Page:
Jane Levy, known for her TV roles in Suburgatory and Shameless and now starring in the action film Monster Trucks, was among the many celebs to head to the Women’s March on Washington over the weekend, adding her voice to the chorus of those demanding equal treatment from newly sworn-in President Trump. The 27-year-old California native spoke with Yahoo Beauty about her experience in D.C. and about still feeling hopeful from the day.
Yahoo Beauty: What was marching in D.C. like for you?
Jane Levy: It was really uplifting, and there was such a sense of community. It was the nicest, most supportive, polite crowd of people I’ve ever been in. There were moments where I felt really claustrophobic, but I felt totally safe. I avoid music festivals and big crowds on purpose because I don’t enjoy it, but I think it makes sense that a crowd of [mostly] women would be nice to one another. On my plane on the way there I overheard a woman in front of me asking a stranger, headed to the march, if she had a place to stay, making sure she was taken care of. And that to me was the whole energy. Talking about it makes me emotional.
So cool that you marched with your mom. Is she typically an activist?
My mom is definitely a feminist, and she’s one of the most loving people that I know. She’s pretty radical, and really, really cool and incredibly compassionate. I’m a new activist, and sort of kicking myself for the ways I’ve behaved in the past, taking democracy and [President Barack] Obama for granted. But both she and I are ready to fight.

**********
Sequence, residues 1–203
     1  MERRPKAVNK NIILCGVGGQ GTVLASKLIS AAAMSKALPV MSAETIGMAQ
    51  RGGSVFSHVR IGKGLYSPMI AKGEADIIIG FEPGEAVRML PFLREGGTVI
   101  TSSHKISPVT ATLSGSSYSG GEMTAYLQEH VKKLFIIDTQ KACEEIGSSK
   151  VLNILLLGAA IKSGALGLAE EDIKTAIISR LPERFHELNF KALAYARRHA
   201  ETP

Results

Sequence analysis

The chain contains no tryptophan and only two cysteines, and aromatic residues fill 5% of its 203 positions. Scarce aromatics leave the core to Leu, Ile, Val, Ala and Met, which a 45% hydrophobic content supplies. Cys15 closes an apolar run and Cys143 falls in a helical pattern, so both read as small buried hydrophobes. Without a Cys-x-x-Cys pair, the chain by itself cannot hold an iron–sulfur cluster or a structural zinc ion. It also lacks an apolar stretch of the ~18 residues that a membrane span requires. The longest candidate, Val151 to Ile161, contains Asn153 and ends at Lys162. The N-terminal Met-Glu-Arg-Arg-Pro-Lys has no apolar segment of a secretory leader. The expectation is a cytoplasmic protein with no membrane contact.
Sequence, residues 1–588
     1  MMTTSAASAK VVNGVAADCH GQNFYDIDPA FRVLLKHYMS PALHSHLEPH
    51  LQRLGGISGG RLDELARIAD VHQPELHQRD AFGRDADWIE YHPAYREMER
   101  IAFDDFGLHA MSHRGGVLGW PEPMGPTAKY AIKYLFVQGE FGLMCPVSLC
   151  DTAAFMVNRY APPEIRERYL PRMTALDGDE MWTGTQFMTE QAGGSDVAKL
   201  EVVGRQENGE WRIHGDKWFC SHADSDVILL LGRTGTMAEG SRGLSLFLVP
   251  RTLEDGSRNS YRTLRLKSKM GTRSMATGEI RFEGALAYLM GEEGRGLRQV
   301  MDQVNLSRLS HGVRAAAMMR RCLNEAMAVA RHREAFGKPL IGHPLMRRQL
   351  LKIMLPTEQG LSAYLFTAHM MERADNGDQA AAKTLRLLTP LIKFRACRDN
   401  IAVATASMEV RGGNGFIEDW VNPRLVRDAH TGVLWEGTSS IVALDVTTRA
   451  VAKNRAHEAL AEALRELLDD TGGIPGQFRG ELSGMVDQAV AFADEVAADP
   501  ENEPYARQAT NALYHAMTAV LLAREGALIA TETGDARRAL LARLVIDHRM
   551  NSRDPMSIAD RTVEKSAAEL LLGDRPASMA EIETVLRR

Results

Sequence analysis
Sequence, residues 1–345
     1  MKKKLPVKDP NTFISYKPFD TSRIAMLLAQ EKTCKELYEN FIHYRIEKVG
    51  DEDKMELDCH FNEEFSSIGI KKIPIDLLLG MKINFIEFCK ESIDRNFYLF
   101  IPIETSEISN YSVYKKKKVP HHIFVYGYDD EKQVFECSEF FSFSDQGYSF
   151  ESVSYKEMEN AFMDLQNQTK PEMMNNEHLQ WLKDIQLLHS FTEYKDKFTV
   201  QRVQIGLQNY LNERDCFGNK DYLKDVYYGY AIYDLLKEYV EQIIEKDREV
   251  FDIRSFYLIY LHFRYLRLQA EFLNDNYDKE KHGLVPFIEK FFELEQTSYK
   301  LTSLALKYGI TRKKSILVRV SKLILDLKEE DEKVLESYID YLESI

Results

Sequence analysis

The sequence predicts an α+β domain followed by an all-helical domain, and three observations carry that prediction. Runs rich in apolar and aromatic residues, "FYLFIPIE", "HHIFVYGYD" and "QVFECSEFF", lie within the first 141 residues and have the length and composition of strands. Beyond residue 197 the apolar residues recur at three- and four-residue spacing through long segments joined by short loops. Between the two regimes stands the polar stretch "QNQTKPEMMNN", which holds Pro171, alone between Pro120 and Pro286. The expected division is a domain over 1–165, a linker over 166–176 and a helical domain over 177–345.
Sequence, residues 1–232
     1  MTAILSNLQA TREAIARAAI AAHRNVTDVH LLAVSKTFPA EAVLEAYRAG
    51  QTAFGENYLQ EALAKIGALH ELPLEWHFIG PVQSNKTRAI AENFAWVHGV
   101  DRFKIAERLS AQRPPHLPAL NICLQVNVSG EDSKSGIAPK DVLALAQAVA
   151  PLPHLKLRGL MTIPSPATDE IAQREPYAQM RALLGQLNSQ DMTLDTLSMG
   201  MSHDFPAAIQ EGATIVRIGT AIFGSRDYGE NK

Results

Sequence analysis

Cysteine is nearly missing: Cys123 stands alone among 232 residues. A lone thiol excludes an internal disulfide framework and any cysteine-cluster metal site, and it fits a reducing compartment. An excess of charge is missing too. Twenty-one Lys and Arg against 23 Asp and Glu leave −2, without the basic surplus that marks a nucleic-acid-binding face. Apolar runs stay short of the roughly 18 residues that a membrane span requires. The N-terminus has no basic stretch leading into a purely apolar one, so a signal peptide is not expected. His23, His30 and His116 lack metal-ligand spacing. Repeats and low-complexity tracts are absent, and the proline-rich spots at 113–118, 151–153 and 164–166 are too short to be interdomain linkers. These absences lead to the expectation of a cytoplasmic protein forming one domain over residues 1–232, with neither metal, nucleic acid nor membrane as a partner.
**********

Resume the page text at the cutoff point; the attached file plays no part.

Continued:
What were the main reasons you decided to march?
My No. 1 [reason] is to show Trump that we reject his presidency and his rhetoric of insulting and attacking immigrants, Muslims, people of color, native people, women, disabled people, LGBT people, the list goes on. You lost by 3 million votes, the majority of this country doesn’t want you as our president, and we’re going to show you that. And then, women’s rights are human rights. I really appreciated California Sen. Kamala Harris’s speech at the march about how national security, criminal justice, and immigration are all women’s issues.
Meryl Streep faced some criticism for speaking out against the new president at the Golden Globe Awards. What’s your feeling about those who don’t approve of celebrities getting political?
I don’t understand that. I really don’t understand it one bit. First of all, would you rather have Meryl Streep just talk about her beauty and fame and riches and self-congratulatory BS? The ceremony already does that. People who are like, “Hollywood people are elitist and can’t understand the struggle” — the disconnect is mind-boggling in that they elected a man who inherited $100 million, who doesn’t live at all the life that normal people live, who lives like a king. To think that person is going to help them doesn’t make sense to me. Also, I think being an actor and being an activist are very similar things, at least for me. Human vulnerability is universal, and that is our job as actors — to portray that, and that we are all at our core the same. Storytelling is there to show you that we are not alone. I don’t really understand how you could be an actor and not have an opinion on these things. And I loved Meryl Streep’s speech — I though it was so eloquent, and I thought it came from love and not anger. I’m struggling with that, actually — trying to recognize when I want to say something that’s coming from anger or I want to attack back. But I’m learning.